Free-market advocates have a hard time explaining that being anti-environmentalist is not the same as being anti-environment. Big Green has done such a thorough job of casting itself as nature's selfless, altruistic guardian that supporters don't even notice that their rants against "money-grubbing polluters" always end with "Send Money."
Craig Rucker, executive director of the Washington-based Committee for a Constructive Tomorrow, or CFACT, knows all about that. He is forever defending his nonprofit group's motto -- "Prospering Lives. Promoting Progress. Protecting the Earth." -- as being more than a clever application of alliteration.
I spoke to Rucker this week about his organization's latest project, which is to save the bald eagle and the golden eagle from the federal government. He's warning the public that the U.S. Fish and Wildlife Service has proposed a "rule" that would allow wind turbine operators to "take" (bureaucratspeak for "kill") bald eagles and golden eagles. And Rucker urged concerned citizens to vociferously oppose the pro-wind industry, bird-killing rule during the FWS' public comment period.
This is the same Rucker whom I described in a column last month as flogging the environmentalists who arranged the Rio+20 United Nations Conference on Sustainable Development in Rio de Janiero. I asked him how he could thrash the Rio+20 U.N. environmentalists for paralyzing industry with their "sustainable development" plans, then turn around and wallop the clean energy industry for killing birds that environmentalists claim as their wards.
Rucker came back at me with that distinction between environmentalists and the environment. "Just because some self-appointed savior claims to have full custody of nature while the rest of us only have supervised visitation doesn't mean it's true," he said.
"But consider the consequences of the FWS rule if it goes into effect," Rucker continued. "It would make these magnificent birds vanish from many parts of the country -- especially if wind turbines get permits to proliferate near eagle habitats without even knowing where they are."
It sounds like Obama crony capitalism that exempts wind turbine operators from the Bald and Golden Eagle Protection Act, felony violations of which carry a maximum fine of $250,000 or two years of imprisonment (the fine doubles for an organization).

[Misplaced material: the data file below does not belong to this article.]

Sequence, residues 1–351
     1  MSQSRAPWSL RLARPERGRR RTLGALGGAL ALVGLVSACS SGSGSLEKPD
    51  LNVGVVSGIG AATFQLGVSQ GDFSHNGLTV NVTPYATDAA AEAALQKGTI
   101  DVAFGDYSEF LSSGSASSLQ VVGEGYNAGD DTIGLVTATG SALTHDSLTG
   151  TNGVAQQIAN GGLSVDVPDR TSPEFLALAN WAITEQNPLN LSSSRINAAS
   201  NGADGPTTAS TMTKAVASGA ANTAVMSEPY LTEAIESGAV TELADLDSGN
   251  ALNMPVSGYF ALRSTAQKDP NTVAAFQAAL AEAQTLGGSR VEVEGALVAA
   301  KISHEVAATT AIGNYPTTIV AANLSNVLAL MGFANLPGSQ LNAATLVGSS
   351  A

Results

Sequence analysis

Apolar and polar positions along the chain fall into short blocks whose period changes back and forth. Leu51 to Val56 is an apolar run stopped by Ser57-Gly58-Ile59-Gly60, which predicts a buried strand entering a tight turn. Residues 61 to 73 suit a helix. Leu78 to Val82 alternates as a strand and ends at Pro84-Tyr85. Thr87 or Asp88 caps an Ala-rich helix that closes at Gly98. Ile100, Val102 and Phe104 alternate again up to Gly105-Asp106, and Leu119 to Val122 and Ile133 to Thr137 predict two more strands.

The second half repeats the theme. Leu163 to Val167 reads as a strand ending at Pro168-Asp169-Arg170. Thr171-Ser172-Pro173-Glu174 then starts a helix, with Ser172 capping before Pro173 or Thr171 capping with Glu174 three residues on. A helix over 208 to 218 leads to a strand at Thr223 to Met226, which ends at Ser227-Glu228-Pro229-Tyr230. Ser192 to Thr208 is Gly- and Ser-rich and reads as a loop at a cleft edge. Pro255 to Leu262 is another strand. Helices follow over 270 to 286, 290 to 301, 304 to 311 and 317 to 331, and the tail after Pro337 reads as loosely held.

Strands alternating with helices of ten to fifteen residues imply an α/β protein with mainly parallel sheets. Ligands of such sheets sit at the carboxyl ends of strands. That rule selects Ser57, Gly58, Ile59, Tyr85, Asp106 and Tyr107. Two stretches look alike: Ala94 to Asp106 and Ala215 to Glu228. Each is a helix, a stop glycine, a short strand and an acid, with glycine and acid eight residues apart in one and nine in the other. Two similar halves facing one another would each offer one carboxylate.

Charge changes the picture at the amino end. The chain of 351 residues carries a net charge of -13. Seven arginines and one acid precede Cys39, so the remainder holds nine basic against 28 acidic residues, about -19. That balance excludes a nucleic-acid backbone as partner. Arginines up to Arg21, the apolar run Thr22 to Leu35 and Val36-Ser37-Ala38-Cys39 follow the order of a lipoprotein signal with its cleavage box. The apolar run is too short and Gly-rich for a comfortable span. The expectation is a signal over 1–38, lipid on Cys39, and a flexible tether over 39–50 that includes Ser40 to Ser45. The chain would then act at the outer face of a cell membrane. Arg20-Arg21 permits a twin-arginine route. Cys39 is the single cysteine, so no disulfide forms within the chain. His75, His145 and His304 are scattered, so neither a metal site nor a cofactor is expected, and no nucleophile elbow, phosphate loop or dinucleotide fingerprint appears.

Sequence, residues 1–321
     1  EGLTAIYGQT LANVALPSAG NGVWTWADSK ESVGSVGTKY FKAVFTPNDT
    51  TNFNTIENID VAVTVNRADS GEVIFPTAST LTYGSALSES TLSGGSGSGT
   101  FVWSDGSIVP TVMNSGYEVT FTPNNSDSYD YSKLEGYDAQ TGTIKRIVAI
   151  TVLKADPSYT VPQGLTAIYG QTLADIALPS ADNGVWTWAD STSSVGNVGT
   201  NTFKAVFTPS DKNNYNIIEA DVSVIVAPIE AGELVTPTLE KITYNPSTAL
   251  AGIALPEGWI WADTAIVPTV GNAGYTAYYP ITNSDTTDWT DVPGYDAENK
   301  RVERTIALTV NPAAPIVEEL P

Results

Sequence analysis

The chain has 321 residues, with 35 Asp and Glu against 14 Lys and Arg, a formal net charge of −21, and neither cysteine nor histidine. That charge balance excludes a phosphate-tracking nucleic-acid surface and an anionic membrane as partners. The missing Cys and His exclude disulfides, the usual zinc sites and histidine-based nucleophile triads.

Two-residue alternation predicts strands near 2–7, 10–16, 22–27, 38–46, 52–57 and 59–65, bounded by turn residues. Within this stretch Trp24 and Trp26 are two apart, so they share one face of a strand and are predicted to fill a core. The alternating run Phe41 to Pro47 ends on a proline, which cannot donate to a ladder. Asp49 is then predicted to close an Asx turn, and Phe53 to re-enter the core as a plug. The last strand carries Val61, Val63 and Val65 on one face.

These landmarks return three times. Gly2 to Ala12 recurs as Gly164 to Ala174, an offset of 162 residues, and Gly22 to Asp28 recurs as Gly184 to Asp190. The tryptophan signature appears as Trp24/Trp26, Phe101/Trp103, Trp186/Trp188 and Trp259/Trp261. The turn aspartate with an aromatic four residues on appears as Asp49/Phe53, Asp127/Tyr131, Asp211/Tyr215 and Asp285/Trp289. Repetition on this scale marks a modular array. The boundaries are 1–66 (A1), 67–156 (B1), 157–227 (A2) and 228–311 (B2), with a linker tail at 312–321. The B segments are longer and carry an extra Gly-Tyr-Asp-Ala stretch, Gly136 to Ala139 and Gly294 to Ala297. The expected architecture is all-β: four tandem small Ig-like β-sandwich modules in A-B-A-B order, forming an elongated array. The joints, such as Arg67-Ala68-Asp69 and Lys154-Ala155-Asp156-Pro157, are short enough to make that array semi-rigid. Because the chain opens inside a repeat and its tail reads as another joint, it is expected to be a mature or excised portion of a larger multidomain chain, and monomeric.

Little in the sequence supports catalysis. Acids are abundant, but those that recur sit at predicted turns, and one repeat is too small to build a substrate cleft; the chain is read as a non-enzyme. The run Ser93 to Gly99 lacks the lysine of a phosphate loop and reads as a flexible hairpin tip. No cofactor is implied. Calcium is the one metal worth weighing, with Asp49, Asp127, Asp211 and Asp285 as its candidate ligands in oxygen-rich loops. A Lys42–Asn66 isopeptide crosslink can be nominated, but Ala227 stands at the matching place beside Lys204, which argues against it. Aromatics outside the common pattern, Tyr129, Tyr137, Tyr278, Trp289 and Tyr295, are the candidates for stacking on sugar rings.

Rucker's public pressure campaign sounds like another side of the FWS issue that the American Bird Conservancy is pursuing in the courts. Three weeks ago, the Washington-based group filed a lawsuit in the U.S. District Court for the District of Columbia against the FWS for "failing to provide correspondences with wind developers and other data on the impacts to birds and bats near wind projects in 10 states."
Kelly Fuller, wind campaign coordinator for ABC, said in a news release, "It's ridiculous that Americans have to sue in order to find out what their government is saying to wind companies about our wildlife."
True, said Rucker, but receiving the withheld documents will waste a lot of taxpayer money and won't make the FWS reconsider its rule. "We need meaningful action, not quarreling over who said what," he said.
Rucker's CFACT is concerned with the approximately 440,000 birds killed annually by windmills, but also takes note of the subsidy aspect of wind turbine siting, since it tends to be hidden in tax credits.
"We're not trying to punish industry, as environmentalists do, but to get enough information to allow wind energy economics to work with nature in productive harmony. Profits and wildlife should both be capitalist outputs."
And that is the difference between opposing environmentalists and opposing the environment.
Examiner Columnist Ron Arnold is executive vice president of the Center for the Defense of Free Enterprise.